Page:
Students, no matter what their race or religion, need to be able to be who they are without having to explain themselves at every turn, Pierce said. The state is getting better in that arena, she said, if only slowly.
White Bull-Taken Alive, head of the state Office of Indian Education, said each school’s culture also plays a big role in how successful children of any background can be. Unfortunately, she said, there is often a culture of low expectations when it comes to Native American students.
“Actually hearing people say that Native kids can’t learn or this work is too hard, that’s devastating. Can you just imagine the trauma or the devastation to understand that, here is your trusted adult saying that, you know, Native kids can’t learn this,” White Bull-Taken Alive said.
Native American students also tend to be disciplined in South Dakota schools at much higher rates than their peers.
According to the most recent data reported by the federal Civil Rights Data Collection system within the Department of Education, despite Native Americans’ being roughly 10% of South Dakota’s student population, they made up more than 30% of both in-school and out-of-school suspensions as well as roughly 54% of expulsions during the 2015-16 school year, the latest year for which data is available.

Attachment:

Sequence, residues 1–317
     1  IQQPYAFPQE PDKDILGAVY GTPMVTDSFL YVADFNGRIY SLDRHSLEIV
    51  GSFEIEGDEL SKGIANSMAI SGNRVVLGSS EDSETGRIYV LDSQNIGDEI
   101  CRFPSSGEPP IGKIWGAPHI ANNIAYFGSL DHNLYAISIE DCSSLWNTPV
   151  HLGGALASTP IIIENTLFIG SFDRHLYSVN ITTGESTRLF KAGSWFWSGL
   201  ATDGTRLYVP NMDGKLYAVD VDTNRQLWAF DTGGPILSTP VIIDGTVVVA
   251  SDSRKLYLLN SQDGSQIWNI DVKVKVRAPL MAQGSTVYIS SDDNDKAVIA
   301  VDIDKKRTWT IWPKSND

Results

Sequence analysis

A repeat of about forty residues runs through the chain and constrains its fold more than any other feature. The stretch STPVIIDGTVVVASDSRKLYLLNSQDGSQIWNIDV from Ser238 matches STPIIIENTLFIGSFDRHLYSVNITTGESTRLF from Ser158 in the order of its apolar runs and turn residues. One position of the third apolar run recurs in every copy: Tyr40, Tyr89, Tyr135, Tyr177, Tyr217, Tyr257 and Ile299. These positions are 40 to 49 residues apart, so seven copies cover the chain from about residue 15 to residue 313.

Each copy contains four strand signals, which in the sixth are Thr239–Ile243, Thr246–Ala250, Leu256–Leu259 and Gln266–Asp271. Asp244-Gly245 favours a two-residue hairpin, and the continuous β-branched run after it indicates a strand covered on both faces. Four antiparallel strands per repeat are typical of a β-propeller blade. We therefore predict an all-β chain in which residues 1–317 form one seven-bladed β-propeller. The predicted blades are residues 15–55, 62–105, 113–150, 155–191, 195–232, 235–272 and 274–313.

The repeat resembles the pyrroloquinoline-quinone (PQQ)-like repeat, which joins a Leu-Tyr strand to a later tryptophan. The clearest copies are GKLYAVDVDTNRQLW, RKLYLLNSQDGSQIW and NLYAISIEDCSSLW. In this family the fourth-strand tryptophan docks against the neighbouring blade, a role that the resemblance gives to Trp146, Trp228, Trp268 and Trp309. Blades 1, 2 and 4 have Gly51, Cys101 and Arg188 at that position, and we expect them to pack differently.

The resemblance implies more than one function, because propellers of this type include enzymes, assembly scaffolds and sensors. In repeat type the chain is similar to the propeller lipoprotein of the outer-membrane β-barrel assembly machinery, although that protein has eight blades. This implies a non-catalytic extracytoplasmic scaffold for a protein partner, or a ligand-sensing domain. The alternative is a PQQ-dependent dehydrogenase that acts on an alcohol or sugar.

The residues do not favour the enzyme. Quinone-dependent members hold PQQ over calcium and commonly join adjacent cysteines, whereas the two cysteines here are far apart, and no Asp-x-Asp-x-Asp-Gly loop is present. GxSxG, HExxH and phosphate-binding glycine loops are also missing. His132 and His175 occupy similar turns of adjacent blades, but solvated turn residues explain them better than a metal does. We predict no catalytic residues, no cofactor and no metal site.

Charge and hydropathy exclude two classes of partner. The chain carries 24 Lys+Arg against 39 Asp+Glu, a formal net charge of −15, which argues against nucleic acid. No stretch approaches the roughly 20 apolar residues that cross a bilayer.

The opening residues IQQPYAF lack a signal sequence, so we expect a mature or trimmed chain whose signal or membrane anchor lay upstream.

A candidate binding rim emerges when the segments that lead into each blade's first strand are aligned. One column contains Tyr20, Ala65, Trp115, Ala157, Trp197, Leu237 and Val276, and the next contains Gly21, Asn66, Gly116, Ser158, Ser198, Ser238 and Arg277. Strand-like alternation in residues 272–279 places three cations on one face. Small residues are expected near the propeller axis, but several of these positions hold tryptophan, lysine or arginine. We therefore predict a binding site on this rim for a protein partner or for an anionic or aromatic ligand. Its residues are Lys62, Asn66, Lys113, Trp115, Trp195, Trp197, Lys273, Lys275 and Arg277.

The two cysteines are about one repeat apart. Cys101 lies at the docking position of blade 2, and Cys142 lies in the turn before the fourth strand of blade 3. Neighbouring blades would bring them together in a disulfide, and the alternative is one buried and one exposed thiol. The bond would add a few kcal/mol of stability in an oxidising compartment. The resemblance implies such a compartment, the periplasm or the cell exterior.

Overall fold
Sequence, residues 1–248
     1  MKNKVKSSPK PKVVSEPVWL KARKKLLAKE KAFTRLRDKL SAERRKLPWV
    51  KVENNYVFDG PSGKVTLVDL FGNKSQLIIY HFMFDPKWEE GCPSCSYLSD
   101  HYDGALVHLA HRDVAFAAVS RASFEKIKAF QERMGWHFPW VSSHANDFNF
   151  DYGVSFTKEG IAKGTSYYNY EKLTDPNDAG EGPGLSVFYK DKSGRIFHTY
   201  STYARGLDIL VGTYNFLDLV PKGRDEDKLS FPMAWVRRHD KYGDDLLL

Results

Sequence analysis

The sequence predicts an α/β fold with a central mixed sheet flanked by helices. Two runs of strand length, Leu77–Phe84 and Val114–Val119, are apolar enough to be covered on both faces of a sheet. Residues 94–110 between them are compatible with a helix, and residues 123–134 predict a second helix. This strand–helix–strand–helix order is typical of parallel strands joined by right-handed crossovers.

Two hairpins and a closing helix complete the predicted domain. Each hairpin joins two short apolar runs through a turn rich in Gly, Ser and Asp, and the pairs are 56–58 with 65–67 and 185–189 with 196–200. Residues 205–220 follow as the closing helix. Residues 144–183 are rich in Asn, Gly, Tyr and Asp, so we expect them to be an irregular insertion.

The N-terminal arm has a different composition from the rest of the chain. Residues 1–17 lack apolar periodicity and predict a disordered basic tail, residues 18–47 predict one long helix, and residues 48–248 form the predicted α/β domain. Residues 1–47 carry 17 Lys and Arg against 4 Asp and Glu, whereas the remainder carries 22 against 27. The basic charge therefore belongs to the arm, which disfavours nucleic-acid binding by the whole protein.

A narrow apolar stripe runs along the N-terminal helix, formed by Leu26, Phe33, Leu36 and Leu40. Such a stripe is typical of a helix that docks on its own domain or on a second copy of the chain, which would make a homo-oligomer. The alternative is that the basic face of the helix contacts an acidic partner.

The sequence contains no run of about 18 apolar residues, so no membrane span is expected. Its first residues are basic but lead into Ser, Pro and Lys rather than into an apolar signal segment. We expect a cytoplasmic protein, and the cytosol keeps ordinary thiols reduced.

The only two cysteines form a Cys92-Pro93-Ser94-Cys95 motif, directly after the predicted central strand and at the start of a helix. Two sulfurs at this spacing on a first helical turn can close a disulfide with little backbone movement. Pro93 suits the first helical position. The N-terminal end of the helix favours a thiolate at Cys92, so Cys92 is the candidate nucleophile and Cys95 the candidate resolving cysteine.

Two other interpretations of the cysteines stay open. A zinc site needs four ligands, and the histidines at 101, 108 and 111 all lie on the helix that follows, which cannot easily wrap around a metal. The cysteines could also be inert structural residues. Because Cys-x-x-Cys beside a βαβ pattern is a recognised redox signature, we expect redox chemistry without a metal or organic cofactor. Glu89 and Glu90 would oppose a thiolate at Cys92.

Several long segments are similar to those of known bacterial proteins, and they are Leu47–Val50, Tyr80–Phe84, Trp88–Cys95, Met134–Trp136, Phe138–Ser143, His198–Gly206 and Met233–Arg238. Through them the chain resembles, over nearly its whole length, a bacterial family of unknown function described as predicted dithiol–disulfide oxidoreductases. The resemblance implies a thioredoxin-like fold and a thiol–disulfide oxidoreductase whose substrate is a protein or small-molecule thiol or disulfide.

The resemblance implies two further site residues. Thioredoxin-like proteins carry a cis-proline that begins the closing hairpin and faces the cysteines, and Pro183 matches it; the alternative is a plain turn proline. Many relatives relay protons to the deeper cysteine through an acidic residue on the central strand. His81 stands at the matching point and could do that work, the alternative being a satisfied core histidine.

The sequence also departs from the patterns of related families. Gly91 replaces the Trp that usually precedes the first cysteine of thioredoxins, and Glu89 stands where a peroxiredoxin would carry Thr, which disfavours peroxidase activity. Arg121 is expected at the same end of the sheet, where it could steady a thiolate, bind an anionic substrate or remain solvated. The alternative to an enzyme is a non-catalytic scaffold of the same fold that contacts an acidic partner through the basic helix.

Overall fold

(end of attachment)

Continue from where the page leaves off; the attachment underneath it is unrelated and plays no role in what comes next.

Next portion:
Of the 221 violent incidents reported in the state’s schools, 50 involved Native Americans. A total of 127 violent incidents involved white students. There were 123 Native American students arrested in South Dakota public schools, accounting for roughly 45% of the 270 arrests reported in the state’s schools. A total of 109 white students were arrested in schools.
“The discipline data is indicative of the need for more culturally proficient strategies,” Pierce said.
Ultimately, small improvements may help, but many believe that sweeping changes will be needed to the South Dakota public education system before outcomes improve significantly for Native students, Pierce said.
Jones, a former college dean who became state education secretary in January 2019, said he was not sure why it has taken so long to embrace Native American perspectives and input on education. Jones said he was optimistic that with strong input from Native leaders, educators and families, South Dakota can find a way to improve education outcomes for Native American students.
“For many years Native American (education) improvement has been an objective, and there’s been various things tried … it brings to mind a Winston Churchill quote: ‘You can always rely on the United States to do the right thing after they have tried everything else,’” Jones said. “Regarding Native American education, we’ve tried a wide variety of things, and now we’re going to try and listen to them and see how they’d like to approach it.”